Sunday, November 25, 2012


    Sunday, November 25, 2012   No comments

by Nezar AlSayyad

President Mohammed Husni Morsi Tantawi Mubarak
Over the course of the past two years, the Arab World celebrated the fall of several of its most brutal dictators but last week it witnessed the meteoric rise of yet a new dictator, President Mohammed Morsi of Egypt.

While the world was occupied with celebrating the cessation of hostilities between Hamas and Israel in Gaza and heaping praise on Morsi for his intervention, Morsi seized the opportunity to issue the most sweeping decree ever issued by an Egyptian President in history. With one Constitutional declaration, Morsi -who has held both executive and legislative authority since he sidelined the Egyptian Armed forces a few months ago- fired the Public Prosecutor and castrated the Egyptian Judiciary by declaring that his decisions cannot be appealed to any court.  Morsi and his party did not initiate the Egyptian uprising but they came out of it as the major winners with latent intent of giving Egypt a new Islamic constitution.  Citing a need to protect the “revolution” from unspecified dangers, Morsi achieved in a very short time what no modern leader of Egypt had ever achieved, a total control of all branches of government. Even Muhammad Ali, the founder of modern Egypt at the beginning of the 19th century did not held such unchecked powers.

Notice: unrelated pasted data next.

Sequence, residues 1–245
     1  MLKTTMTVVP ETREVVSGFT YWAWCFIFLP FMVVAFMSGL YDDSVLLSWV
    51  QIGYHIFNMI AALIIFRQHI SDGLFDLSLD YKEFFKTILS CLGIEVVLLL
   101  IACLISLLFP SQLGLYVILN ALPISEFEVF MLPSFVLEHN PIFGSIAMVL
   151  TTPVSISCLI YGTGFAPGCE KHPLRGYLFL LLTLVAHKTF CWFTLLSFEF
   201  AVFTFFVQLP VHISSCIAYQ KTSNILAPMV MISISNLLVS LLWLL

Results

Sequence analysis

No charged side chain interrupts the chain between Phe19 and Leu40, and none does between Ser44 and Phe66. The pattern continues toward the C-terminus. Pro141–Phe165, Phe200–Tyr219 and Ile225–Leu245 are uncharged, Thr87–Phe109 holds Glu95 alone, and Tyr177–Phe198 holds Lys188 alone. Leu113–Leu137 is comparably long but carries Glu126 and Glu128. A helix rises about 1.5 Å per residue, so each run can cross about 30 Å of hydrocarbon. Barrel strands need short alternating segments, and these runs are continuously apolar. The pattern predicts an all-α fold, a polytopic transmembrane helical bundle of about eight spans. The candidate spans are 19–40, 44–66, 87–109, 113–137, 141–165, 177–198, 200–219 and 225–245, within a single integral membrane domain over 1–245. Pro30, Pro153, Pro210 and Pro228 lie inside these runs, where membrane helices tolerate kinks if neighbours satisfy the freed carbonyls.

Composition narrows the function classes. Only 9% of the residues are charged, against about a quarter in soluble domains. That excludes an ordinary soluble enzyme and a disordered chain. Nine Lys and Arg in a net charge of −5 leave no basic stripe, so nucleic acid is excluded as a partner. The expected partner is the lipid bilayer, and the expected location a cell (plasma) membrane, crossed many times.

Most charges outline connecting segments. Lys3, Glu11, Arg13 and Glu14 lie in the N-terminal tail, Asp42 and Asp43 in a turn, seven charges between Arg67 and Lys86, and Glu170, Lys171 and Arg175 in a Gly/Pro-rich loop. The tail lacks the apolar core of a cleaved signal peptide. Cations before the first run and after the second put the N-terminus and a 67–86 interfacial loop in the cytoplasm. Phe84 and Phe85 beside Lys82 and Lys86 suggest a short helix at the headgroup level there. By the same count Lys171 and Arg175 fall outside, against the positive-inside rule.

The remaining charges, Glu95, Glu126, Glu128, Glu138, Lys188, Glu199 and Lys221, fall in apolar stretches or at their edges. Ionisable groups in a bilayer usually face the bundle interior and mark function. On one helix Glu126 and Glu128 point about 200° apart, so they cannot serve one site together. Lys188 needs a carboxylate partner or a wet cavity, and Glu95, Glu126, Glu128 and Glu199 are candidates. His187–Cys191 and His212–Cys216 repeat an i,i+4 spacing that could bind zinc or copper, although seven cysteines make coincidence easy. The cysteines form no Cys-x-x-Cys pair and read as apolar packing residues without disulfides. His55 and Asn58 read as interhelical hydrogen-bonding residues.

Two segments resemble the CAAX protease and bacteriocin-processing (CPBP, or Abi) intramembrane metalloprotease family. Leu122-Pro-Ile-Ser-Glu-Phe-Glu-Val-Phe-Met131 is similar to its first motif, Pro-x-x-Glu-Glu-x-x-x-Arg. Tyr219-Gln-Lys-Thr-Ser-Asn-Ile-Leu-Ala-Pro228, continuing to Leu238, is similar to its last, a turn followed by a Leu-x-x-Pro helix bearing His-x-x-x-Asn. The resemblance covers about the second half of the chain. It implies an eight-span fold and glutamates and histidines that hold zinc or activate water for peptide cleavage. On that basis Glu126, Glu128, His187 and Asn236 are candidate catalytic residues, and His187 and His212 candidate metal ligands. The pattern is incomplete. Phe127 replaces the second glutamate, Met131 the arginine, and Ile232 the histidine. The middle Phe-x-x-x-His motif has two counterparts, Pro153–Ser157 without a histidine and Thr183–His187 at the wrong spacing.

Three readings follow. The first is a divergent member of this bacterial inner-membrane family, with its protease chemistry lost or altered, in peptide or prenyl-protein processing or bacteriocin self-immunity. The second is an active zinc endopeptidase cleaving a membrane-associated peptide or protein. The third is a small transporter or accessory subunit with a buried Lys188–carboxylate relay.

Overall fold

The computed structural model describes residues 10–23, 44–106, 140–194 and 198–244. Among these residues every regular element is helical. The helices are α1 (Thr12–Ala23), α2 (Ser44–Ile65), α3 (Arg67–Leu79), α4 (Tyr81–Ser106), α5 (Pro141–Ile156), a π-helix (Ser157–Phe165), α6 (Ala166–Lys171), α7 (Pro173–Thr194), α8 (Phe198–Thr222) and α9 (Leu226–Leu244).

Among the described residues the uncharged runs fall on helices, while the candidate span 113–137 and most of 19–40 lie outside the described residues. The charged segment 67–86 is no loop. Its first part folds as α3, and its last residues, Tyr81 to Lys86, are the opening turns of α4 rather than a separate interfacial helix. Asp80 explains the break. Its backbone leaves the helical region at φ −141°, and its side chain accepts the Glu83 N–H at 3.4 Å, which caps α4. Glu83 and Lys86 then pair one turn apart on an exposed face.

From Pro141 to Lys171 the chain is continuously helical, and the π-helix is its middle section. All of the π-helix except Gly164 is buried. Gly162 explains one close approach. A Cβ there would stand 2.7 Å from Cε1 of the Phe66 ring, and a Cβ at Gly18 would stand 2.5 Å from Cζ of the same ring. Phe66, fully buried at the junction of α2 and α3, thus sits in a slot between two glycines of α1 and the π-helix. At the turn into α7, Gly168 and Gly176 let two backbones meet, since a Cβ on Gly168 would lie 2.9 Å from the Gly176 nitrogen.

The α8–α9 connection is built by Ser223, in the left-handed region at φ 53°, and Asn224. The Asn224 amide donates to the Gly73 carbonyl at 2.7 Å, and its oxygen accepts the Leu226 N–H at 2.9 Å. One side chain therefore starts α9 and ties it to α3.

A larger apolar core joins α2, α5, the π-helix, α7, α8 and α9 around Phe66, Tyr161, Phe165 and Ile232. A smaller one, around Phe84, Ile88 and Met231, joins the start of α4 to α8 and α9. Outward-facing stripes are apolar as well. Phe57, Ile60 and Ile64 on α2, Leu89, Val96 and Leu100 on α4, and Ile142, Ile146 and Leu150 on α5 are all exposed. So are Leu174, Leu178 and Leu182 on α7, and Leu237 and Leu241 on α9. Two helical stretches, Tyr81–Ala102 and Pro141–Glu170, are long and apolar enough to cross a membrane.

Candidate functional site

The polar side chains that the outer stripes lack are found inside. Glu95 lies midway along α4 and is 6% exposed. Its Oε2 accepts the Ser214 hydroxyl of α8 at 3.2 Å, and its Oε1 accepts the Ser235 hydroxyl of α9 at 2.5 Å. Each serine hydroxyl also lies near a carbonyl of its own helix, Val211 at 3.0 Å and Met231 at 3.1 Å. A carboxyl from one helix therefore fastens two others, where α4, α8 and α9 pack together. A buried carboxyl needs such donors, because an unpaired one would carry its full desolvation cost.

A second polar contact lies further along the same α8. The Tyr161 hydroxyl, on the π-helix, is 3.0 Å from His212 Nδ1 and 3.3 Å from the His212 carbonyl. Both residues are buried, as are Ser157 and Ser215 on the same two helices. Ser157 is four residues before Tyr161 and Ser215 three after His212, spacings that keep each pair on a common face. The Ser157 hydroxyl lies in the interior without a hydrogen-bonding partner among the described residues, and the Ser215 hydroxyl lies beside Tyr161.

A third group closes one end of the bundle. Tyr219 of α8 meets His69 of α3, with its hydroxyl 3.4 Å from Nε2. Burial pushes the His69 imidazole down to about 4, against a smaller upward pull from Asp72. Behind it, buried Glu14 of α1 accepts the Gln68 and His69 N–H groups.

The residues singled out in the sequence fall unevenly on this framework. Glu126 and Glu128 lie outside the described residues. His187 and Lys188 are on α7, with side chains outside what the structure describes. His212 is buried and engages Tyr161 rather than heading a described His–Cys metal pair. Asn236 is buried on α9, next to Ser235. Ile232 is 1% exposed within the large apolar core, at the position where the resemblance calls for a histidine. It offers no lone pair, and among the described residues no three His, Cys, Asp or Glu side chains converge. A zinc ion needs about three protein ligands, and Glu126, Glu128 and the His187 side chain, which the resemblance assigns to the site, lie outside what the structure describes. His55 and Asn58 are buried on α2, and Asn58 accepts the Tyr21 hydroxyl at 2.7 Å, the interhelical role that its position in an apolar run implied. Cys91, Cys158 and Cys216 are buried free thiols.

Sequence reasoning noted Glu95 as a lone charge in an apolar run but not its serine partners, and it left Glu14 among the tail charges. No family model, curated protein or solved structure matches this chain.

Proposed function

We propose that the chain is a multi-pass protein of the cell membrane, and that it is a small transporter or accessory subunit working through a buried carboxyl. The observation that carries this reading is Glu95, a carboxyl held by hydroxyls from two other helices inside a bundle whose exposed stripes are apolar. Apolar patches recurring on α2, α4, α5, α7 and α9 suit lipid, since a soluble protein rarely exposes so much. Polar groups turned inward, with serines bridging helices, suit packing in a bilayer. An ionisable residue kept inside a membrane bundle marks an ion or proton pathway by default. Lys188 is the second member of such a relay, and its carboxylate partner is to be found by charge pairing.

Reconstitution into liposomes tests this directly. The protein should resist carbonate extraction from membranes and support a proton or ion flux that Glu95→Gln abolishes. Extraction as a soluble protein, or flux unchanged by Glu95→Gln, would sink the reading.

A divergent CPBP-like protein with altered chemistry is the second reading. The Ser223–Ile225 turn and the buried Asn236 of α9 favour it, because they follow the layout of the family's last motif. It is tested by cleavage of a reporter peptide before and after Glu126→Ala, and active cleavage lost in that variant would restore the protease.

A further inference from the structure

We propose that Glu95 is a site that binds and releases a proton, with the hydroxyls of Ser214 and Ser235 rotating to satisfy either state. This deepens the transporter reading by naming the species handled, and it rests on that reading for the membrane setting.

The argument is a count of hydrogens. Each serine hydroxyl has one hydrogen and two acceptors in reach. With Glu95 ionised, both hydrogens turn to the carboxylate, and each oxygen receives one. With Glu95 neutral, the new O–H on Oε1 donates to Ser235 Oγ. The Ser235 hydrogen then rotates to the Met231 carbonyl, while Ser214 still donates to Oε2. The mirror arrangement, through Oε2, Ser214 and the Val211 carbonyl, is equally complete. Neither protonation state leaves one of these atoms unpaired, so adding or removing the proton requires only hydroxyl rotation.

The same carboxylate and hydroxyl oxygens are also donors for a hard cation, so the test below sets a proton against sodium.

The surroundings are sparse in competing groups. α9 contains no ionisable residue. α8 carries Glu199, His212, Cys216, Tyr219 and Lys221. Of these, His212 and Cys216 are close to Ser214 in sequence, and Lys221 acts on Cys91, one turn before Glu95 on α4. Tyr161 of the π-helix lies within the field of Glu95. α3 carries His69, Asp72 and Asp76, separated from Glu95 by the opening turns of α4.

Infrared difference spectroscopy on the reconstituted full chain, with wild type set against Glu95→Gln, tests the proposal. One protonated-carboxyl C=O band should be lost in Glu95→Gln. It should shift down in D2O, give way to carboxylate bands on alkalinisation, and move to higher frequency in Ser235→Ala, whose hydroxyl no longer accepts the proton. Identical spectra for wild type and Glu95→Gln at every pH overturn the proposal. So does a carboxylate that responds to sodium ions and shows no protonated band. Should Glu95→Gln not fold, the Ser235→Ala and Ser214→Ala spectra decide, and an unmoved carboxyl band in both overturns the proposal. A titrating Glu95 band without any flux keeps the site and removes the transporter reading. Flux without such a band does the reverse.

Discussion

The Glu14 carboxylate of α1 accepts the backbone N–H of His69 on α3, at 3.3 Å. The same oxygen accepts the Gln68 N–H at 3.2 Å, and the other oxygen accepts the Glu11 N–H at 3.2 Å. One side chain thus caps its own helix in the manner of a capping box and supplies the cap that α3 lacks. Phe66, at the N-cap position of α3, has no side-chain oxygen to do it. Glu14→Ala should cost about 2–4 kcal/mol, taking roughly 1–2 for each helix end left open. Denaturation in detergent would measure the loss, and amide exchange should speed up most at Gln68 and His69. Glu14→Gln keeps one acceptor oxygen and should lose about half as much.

As Morsi announced his decree, the Muslim Brotherhood from which he hails and its political wing- the undeservedly named “Freedom and Justice” Party- orchestrated major demonstrations in support of his decision in an attempt to preempt the anticipated opposition. The process of wrestling total control of governmental powers through preemptive mobilizations is not unusual. Indeed it is a recurring pattern in contemporary Egyptian History.   In the 1950s and 1960s Egyptians were mobilized to support the many decrees of the Army Officers who organized the 1952 coup that turned Egypt a decade later into a socialist republic.



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